A NEW mum from Windmill Hill has launched an innovative toddler-friendly cafe in Bedminster and is hoping to open her second venue in the next three years.
Melody Beard opened Hungry Caterpillar Play Cafe in Cannon Street last November after being frustrated by the lack of venues where she could take her baby.
Speaking to other mothers, the 31-year-old realised there was demand for space which allowed children to play safely while also accommodating their parents, without the constraints of a playgroup.
After support from start-up group BRAVE Enterprise and with financial backing assisted by the South West Investment Group (SWIG), Melody’s business is up and running and already proving to be extremely popular.
Hungry Caterpillar has a safe play area for children up to five years old, games and crafts for all ages alongside workshops, activities and language classes for both adults and children.
For grown-up customers, it also provides free wifi, newspapers and magazines.
Originally planned to be a solo venture, Hungry Caterpillar has developed quickly and turned into a family business, with Melody’s husband Tom leaving his job at Bristol Zoo to work full time at the cafe.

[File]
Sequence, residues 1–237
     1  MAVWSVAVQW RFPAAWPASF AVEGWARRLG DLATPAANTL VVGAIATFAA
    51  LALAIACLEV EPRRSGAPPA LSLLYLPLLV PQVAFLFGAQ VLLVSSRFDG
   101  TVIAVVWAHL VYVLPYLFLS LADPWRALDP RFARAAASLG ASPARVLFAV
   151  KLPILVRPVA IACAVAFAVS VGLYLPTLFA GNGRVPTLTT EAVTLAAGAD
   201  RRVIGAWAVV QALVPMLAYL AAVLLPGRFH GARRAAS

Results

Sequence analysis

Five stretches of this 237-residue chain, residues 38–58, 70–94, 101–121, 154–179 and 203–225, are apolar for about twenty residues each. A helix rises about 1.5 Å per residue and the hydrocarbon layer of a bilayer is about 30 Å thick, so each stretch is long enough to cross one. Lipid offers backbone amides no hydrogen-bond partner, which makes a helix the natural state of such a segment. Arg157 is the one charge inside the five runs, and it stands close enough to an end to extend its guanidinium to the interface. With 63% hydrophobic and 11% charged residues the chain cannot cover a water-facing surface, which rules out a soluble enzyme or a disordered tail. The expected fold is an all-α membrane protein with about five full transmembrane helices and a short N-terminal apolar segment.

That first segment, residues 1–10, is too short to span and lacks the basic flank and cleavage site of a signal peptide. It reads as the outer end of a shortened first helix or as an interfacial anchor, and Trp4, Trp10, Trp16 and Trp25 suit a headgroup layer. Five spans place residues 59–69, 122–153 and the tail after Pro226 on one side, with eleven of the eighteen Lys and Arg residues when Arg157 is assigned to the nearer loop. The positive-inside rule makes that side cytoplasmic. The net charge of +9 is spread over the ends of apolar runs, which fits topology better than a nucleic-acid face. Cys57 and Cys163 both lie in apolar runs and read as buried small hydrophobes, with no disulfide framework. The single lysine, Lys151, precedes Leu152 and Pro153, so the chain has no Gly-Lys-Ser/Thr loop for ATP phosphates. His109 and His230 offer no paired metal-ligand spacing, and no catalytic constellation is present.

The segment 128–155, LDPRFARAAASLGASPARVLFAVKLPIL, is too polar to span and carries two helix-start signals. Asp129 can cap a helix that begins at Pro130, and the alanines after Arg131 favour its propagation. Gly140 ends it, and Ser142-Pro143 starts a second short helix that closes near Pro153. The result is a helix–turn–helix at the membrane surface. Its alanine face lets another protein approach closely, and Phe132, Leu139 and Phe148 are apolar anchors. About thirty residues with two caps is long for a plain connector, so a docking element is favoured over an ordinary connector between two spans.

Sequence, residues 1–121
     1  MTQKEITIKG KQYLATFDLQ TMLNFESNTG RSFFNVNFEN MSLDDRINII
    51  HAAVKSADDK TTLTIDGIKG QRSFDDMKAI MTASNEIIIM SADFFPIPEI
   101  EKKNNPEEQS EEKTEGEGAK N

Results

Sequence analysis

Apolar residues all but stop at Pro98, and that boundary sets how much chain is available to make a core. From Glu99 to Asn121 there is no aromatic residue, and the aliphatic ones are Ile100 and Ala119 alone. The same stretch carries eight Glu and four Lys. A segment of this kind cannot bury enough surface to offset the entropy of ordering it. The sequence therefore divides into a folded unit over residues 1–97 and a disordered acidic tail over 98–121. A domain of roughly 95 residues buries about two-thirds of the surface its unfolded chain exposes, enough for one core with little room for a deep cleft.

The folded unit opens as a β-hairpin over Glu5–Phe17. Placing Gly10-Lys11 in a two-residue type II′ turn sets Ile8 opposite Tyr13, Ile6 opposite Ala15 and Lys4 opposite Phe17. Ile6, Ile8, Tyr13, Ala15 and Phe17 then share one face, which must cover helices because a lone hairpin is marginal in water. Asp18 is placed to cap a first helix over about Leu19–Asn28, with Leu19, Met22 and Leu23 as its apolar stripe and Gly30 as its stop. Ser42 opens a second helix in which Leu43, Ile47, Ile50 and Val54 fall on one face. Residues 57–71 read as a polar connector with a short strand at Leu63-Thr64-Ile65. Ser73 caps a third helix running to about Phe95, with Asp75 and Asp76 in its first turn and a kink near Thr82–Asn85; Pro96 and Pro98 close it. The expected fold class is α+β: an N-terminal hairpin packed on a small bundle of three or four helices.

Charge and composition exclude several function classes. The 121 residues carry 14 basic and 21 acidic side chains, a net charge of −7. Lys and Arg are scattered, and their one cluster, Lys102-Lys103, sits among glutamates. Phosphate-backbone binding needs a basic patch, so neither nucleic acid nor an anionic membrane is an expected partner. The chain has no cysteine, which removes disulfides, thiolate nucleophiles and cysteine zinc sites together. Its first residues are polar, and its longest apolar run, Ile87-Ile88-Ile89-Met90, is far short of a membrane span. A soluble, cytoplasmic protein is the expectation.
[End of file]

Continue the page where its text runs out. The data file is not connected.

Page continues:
She said: “We are still getting to know the market, finding out what works for our customers. We are having our first supper club on February 14 which has sold out, and are fully booked for birthday parties until May.
“We are planning to keep growing and would like to open our second cafe in the next three years.”
And she said her biggest hurdle has been starting the business while raising her two-year-old daughter: “I sort of idealised running a business alongside having my daughter around and it hasn’t worked out like that at all. I now have my daughter with me three days a week and she has childcare on the other two days.”
John Hector, business mentor at BRAVE Enterprise, has worked closely with Melody on the business. He said: “Melody has worked extremely hard to start up a vibrant play cafe that is already proving to be very popular with the local community in Bedminster. She has shown endless drive and determination, and, perhaps most importantly, had researched the market thoroughly and talked to local parents about their needs. She invested time and energy in developing a robust business plan in order to access start-up finance from SWIG.”
Unable to access traditional finance due to a lack of security, Melody applied to SWIG for funding and was successful in her application for a Government-backed Start-Up Loan as well as a loan through the South West Microcredit Fund, part-financed by the Competitiveness European Regional Development Fund.